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anonymous

  • 5 years ago

John was looking at equations of polynomials and then the x intercepts on a graph. he noticed that if he set each factor equal to 0 and solved he got the x intercepts. what reasoning is he using? algebraic, dedutive, or inductive. I can't figure out. I think deductive, but I'm not sure.

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  1. anonymous
    • 5 years ago
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    ok so if you can point out why its deductive, then you can conclude it is deductive. if you cannot, then you will have to pick another one. so why do you think its deductive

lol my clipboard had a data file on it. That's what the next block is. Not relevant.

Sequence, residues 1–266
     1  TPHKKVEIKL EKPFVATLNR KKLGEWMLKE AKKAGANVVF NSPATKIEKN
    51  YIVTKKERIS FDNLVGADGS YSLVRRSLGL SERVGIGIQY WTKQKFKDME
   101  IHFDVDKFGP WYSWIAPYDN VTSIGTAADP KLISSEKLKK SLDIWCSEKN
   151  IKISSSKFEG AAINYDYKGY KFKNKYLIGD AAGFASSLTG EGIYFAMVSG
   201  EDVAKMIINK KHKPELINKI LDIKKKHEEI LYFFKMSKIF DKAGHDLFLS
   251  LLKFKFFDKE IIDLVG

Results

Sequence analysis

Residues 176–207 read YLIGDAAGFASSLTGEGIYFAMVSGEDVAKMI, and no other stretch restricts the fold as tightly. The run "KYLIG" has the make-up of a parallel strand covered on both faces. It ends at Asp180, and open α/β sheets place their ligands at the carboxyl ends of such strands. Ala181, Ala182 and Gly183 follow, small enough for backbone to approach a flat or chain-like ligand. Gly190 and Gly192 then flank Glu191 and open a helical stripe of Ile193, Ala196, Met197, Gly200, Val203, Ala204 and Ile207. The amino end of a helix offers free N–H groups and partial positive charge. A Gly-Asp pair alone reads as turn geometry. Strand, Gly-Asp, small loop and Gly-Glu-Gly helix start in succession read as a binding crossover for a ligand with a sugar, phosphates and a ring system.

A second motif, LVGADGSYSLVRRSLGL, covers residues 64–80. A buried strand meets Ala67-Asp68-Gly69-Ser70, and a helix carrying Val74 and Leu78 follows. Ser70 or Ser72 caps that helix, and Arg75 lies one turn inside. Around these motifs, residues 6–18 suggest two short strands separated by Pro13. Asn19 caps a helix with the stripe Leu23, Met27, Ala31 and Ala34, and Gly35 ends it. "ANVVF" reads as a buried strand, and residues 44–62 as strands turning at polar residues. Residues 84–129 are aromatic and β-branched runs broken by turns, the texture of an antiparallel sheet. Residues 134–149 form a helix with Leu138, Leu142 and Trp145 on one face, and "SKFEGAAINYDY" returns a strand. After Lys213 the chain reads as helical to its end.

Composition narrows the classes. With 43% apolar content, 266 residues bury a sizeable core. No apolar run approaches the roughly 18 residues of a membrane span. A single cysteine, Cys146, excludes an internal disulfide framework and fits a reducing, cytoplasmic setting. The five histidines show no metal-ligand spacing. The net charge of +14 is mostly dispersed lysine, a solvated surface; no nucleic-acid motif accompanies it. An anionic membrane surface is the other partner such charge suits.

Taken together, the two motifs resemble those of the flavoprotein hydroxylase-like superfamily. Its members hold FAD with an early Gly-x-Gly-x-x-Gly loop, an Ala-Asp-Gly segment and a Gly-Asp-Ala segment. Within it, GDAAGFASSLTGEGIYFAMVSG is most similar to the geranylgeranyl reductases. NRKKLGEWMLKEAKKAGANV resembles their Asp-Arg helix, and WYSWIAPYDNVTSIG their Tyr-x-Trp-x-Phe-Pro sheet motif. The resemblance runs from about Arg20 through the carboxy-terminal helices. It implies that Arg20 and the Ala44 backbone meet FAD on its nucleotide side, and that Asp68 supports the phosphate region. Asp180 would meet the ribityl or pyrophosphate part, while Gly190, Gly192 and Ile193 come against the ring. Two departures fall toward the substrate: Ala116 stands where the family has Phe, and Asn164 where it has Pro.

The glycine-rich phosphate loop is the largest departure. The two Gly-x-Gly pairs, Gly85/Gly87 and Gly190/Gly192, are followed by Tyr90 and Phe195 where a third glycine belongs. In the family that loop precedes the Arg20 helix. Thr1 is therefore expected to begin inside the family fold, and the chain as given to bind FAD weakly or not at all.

2. anonymous
    • 5 years ago
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    “Deductive reasoning” means he can prove it. Inductive reasoning either means “finding a pattern” or “seeing something from observation” or “proving by induction.” There are different ways to view different problems. “Geometric reasoning,” “analytic reasoning,” “combinatorial reasoning” refers to those branches of math that the techniques and ideas came from. Honestly though, I’ve studied math for years, and I’ve never heard of “algebraic reasoning” included in with deductive and inductive. That’s like comparing which fruit is tastier, apples, oranges, or lettuce. But in this case, since he hasn’t proven anything, you can say it’s inductive.

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